As if that weren't odd enough, a week later we found two newborn squirrels lying on the ground just outside of our covered porch. Hairless and fragile, skin stretched over their eyes, freakishly large heads, they looked alien. My toddler kept calling them baby giraffes. My oldest thought they were shrews. We stared at them for a minute, clueless about what to do, when suddenly an adult squirrel raced over, picked up one with its teeth, dropped it in its paws, licked it all over, then picked it back up by the back of its neck and scampered into the trees. All of that took about 5 seconds. Mesmerized, we slowly backed away so that it could return and claim the second one too.
Over the next week we found two more newborn squirrels, same place. I've searched all over and can't find a nest, can't figure out how they got there or why, after living in our house for 10 years, we are seeing this happen now. It's raining baby squirrels. The old are choosing their place to die. There's a whole world at work I can't quite understand.
So what on earth does this have to do with Mark Chapter 2? This is where Jesus tells his adversaries that "no man putteth new wine into old bottles" or "seweth a piece of new cloth on an old garment." New things have to start fresh. The old dies and the new begins and makes its own way to become what it is fully meant to be.
I guess that goes for the Mosaic Law and Jesus's gospel as much as it does for, say, the life cycles of small animals and even the way we, as humans, evolve. Not that we don't draw from the old. We always do. But what is new, what is born or re-born, has to live in its own way. As much as we try to rescue the old, revive it, it is determined to die. It's time.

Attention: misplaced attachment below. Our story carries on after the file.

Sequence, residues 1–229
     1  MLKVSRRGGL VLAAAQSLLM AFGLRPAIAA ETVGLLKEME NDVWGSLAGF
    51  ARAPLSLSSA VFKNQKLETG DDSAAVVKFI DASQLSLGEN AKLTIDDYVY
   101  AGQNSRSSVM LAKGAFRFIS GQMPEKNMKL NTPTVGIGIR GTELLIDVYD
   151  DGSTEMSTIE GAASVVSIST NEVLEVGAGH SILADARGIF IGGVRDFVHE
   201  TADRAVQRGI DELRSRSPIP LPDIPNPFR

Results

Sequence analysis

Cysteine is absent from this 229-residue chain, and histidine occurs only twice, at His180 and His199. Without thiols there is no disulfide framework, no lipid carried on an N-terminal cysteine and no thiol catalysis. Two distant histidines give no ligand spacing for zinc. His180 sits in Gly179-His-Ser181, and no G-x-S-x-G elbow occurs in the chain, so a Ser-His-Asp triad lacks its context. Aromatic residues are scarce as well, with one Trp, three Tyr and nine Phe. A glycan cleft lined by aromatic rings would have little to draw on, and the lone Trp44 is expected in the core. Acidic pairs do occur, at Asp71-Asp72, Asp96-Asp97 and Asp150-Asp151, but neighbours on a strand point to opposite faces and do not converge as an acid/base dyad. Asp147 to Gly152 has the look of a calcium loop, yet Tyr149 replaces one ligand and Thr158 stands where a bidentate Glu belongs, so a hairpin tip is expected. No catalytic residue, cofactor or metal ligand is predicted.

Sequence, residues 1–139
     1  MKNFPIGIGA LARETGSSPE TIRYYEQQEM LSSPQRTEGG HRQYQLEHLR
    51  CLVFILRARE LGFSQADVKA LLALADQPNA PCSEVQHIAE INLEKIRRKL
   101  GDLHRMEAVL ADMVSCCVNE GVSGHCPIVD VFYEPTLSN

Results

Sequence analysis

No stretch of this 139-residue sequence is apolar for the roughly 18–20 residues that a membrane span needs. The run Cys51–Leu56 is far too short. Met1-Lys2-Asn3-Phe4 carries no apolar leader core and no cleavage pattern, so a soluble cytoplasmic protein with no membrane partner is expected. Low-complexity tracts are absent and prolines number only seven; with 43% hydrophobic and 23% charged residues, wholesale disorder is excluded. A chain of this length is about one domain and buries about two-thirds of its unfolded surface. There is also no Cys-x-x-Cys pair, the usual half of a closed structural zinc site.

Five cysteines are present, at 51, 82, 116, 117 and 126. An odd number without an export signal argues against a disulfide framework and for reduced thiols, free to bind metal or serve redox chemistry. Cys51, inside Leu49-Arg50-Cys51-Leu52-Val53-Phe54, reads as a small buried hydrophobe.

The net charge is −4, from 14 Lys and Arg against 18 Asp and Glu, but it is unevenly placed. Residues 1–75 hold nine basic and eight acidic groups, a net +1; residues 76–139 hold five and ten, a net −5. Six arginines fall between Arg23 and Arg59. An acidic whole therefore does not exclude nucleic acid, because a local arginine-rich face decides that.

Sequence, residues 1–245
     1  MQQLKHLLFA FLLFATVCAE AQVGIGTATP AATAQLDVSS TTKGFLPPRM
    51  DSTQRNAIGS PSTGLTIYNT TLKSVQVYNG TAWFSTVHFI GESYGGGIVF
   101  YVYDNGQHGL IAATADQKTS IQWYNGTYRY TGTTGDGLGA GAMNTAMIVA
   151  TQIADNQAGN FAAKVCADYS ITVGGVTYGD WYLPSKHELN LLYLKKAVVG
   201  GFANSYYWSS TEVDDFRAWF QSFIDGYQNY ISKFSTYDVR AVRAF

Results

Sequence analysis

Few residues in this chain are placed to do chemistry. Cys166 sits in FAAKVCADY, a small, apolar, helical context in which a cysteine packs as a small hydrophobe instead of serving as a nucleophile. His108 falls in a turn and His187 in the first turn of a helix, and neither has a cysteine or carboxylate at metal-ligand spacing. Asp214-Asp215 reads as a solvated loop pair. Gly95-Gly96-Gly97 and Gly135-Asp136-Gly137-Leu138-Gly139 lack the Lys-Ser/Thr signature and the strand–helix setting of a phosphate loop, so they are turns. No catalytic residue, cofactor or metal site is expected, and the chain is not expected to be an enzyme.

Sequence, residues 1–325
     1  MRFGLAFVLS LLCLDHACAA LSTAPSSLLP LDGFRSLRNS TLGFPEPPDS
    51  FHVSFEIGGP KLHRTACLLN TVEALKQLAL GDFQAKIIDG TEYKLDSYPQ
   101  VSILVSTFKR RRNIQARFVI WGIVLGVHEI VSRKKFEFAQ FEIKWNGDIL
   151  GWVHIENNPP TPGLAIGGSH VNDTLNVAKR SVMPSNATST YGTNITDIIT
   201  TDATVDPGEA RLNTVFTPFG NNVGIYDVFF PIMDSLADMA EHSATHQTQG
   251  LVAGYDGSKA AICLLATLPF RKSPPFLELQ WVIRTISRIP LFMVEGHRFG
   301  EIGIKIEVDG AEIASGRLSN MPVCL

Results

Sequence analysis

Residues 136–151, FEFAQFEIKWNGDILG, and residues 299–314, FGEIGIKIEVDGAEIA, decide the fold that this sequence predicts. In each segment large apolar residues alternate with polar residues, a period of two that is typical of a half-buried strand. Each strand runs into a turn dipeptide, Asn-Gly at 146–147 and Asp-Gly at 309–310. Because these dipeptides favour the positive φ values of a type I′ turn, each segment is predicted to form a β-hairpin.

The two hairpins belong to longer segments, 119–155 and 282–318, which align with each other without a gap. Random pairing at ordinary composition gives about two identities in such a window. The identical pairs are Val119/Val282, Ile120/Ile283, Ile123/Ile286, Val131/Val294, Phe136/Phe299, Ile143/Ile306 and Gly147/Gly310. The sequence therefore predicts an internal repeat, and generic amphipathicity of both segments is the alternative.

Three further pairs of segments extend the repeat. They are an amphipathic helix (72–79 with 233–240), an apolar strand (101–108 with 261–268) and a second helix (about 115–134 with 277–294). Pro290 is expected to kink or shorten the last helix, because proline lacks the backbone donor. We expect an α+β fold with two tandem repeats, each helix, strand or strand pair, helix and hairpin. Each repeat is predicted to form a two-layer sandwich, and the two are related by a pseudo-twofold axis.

I'm determined to appreciate the new. Birthdays always make me reflect on my life more, and that can be productive. Sure, it can be depressing when I look at the list of "101 Things to Do Before I Die" that I wrote when I was a teenager. Globe-trotting, as it turns out, is far more expensive than I'd realized. But I'm so glad I included things like "learn how to make strawberry shortcake from scratch," which is pretty do-able in a day.
I hope I keep introducing myself to the new, that I remain open, interested, malleable. That, when it's time, I let the old in me burrow its way into a place to die and let the new, as odd as it may seem at first, as gangly and vulnerable, find a place to thrive.
Europe in three weeks! Strawberry shortcake today.